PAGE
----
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Version 2. PLoS Curr. 2010 December 15 [revised 2011 January 28]; 2: RRN1204.
PMCID: PMC3001986
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Evidence on Genomic Tests

BCR-ABL mutation testing to predict response to tyrosine kinase inhibitors in patients with chronic myeloid leukemia


Tyrosine kinase inhibitors (TKIs) have revolutionized the treatment of chronic myeloid leukemia (CML). Although randomized evidence demonstrates that imatinib (a commercially available TKI) prolongs event–free survival in patients with CML, some patients develop imatinib intolerance or resistance. In addition, imatinib is less effective in patients who have progressed to more advanced disease stages, such as accelerated phase and blastic phase CML. For these reasons, 2nd generation TKIs that can inhibit the BCR-ABL protein more effectively or target additional disease mechanisms have been developed. Two such drugs have also been approved for clinical use by the FDA, nilotinib and dasatinib. Resistance to TKI treatment is thought to be mediated through various mechanisms, the most common of which is BCR-ABL1 mutations. Testing for mutations in BCR-ABL1 may predict lack of response to imatinib or may inform the choice between alternative TKIs.

Clinical Scenario

           Chronic myeloid or myelogenous leukemia (CML) is a relatively uncommon hematological malignancy with approximately 5,000 new cases diagnosed annually in the USA [1]. Tyrosine kinase inhibitors (TKIs), small molecule drugs that target the ATP binding domain of tyrosine kinase enzymes, have revolutionized the treatment of CML[2],[3],[4]. Although randomized evidence demonstrates that imatinib (a commercially available TKI, currently approved by the Food and Drug Administration, FDA, for newly diagnosed CML in any disease stage) prolongs event–free and overall survival in patients with CML, some patients develop imatinib intolerance or resistance [5]. In addition, imatinib is less effective in patients who have progressed to more advanced disease stages, such as accelerated phase (AP) and blastic phase (BP) CML. For these reasons, 2nd generation TKIs that can inhibit the BCR-ABL protein more effectively or target additional disease mechanisms have been developed [6]. Two such drugs have also been approved for clinical use by the FDA, nilotinib and dasatinib [7],[8].
    Resistance to TKI treatment is thought to be mediated through various mechanisms, including BCR-ABL1 mutations affecting the ATP binding domain, BCR-ABL1 amplification and overexpression, the acquisition of additional cytogenetic abnormalities by the leukemic clone, and expression of drug resistance proteins. BCR-ABL1 mutations are believed to represent the most common resistance mechanism and are more common in individuals with AP or BP CML [9]. Mutations can affect different amino acid residues of the BCR-ABL1 chimeric protein; more than 70 mutations have been reported to date and, based on clinical and in vitro data, they appear to confer differential sensitivity to TKIs.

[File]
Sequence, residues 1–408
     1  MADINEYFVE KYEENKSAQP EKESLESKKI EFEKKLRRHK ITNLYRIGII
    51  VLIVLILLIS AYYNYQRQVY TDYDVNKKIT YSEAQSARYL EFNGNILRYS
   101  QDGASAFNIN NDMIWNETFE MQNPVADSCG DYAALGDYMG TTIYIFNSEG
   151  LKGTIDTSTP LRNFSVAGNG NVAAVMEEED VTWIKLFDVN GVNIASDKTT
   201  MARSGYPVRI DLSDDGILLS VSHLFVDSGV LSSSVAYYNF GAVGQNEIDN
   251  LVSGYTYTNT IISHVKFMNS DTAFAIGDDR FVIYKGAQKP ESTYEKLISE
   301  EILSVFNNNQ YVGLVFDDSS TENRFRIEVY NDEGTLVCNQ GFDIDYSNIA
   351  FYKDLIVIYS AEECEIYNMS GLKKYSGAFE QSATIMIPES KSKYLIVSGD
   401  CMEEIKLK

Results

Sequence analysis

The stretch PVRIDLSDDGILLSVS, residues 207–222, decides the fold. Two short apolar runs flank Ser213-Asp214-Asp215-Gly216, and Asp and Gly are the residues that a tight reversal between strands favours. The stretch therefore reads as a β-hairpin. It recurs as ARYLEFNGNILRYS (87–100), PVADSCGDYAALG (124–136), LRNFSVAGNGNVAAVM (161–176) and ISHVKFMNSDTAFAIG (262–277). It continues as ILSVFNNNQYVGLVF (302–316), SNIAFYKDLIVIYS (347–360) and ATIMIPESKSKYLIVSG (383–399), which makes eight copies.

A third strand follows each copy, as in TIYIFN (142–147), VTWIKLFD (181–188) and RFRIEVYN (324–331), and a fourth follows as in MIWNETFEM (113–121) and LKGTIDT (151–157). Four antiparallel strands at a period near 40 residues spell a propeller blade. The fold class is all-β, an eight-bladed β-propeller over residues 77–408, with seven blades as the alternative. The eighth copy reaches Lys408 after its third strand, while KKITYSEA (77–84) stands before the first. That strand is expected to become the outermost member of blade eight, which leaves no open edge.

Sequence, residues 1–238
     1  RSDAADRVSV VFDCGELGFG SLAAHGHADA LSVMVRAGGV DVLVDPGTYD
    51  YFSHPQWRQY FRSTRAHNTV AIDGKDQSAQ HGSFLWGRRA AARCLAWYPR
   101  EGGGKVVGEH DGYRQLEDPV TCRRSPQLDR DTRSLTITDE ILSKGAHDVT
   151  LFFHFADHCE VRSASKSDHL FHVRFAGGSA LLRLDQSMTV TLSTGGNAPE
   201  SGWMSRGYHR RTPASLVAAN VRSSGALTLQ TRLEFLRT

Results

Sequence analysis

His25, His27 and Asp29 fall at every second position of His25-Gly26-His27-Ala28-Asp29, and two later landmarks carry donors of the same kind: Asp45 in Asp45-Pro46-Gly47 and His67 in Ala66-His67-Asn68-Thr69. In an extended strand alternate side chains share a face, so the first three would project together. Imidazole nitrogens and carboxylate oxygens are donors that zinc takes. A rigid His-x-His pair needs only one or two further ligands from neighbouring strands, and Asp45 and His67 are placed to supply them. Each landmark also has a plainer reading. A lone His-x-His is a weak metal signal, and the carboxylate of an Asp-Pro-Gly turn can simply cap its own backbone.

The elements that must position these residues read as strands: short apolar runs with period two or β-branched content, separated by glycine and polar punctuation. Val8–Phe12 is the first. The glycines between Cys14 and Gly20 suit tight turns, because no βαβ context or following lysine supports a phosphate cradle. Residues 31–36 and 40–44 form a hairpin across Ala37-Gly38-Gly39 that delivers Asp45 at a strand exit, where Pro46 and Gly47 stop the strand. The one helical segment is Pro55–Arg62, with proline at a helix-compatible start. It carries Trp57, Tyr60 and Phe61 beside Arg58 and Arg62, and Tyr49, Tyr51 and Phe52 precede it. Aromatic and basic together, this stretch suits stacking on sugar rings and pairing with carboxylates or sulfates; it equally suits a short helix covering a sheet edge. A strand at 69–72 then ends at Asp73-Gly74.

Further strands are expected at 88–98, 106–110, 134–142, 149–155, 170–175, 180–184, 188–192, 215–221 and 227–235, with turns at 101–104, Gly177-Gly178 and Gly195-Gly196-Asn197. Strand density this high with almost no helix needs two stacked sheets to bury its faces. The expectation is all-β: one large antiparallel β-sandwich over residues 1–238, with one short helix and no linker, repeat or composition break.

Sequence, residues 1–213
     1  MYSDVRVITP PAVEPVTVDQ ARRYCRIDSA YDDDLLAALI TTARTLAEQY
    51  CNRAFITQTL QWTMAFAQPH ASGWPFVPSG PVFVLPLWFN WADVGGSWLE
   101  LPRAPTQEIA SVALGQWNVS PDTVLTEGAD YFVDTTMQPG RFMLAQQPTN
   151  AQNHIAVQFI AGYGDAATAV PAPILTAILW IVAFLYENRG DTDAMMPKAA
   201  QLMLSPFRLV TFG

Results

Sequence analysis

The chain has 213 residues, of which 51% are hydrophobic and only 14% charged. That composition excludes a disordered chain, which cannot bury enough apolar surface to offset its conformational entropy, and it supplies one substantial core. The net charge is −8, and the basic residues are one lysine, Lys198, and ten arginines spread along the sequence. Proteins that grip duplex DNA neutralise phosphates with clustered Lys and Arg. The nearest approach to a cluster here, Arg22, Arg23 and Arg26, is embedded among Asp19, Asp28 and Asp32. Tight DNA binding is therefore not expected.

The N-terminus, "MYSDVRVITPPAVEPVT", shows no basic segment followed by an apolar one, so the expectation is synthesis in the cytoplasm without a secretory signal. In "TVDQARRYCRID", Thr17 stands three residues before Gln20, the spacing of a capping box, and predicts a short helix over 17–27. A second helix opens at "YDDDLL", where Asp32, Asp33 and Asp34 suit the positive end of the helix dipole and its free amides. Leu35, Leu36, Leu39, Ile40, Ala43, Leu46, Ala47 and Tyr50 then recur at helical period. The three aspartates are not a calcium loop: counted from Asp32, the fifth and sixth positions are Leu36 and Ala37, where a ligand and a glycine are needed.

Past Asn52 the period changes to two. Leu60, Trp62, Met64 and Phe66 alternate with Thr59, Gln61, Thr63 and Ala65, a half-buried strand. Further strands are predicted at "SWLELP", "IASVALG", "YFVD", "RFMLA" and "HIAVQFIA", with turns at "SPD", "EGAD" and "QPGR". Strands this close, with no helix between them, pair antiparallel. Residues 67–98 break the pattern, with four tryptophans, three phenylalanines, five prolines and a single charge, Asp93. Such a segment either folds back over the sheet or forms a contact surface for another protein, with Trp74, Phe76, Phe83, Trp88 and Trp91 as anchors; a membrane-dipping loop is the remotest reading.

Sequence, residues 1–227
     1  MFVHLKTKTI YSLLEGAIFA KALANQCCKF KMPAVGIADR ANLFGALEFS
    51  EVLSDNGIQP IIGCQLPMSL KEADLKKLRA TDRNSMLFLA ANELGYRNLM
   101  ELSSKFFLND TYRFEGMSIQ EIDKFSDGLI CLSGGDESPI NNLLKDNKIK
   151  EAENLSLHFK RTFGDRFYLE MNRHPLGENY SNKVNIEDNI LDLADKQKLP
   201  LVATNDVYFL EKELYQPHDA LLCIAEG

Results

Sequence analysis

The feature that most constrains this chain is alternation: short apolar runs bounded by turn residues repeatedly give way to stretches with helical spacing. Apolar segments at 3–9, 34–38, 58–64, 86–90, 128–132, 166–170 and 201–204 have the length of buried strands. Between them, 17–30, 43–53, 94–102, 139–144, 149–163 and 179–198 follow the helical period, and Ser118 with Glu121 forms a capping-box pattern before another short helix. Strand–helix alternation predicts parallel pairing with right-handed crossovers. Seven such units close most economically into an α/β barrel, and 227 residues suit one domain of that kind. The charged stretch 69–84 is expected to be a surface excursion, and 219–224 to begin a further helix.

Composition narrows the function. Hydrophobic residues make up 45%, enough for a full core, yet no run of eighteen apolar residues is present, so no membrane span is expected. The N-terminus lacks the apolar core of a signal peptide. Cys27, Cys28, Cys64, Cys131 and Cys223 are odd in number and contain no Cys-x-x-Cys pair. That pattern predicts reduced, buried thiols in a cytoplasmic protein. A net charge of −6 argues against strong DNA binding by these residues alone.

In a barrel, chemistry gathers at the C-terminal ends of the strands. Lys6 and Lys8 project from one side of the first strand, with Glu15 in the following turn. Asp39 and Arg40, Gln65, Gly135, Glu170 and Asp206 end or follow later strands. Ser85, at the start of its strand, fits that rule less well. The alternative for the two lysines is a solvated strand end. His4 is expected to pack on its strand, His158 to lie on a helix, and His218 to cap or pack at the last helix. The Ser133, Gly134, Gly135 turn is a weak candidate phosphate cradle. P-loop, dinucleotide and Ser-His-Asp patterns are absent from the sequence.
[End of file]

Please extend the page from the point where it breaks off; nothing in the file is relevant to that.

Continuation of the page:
Testing for mutations in the BCR-ABL gene may predict lack of response to imatinib or may inform the choice between alternative TKIs, which could be useful for clinical decision-making.

Three testing scenarios are common in clinical studies of BCR-ABL1 mutations:

·         Testing of patients with CML, both at an early stage (chronic phase [CP]) or with more advanced disease (AP and BP), to predict imatinib resistance.

·         Testing of patients with CML who have imatinib resistance or intolerance to predict resistance to 2nd generation inhibitors.

·         Assessing of mutational status under treatment with TKIs for early detection of resistance development (monitoring of mutational status).

 Test Description

    Analysis of multiple acquired somatic mutations in the chimeric BCR-ABL1 gene by complementary DNA based methods. Several methods have been developed for mutation detection, including direct sequencing, allele specific oligonucleotide polymerase chain reaction (ASO-PCR), matrix-assisted laser desorption/ionization time-of-flight (MALDI-TOF) spectrometry, pyrosequencing, high-resolution melting (HRM) curve analysis, and denaturing high performance liquid Chromatography (DHPLC).  

Public Health Importance

    Before the use of TKIs became widespread, CML treatment was limited to stem cell transplantation (for eligible individuals) or combinations of drugs with relatively limited efficacy, such as hydroxyurea, interferon-alpha and cytarabine. In the pre-TKI era CML was associated with high mortality: based on a data from the Surveillance, Epidemiology, and End Results (SEER) Program of the National Cancer Institute, only 13% of patients diagnosed with CML were alive 5 years post-diagnosis [10]. The International Randomized Study of Interferon and STI571 (IRIS) demonstrated that imatinib results in improved survival free from progression to AP or BP and increased response rate, compared to a combination of interferon-alpha and cytarabine [2],[11]; however the benefits of imatinib therapy on survival may be less pronounced outside the clinical trial setting [12]. Studies based on the SEER database demonstrated that CML-related mortality declined during the period when imatinib became widely available [13]. Because of the increase in overall survival of patients with CML, the prevalence of the disease is expected to rise. In addition, as the number of individuals receiving imatinib treatment increases, the numbers of patients who require disease monitoring and those who develop resistance necessitating treatment with 2nd generation TKIs are also expected to increase.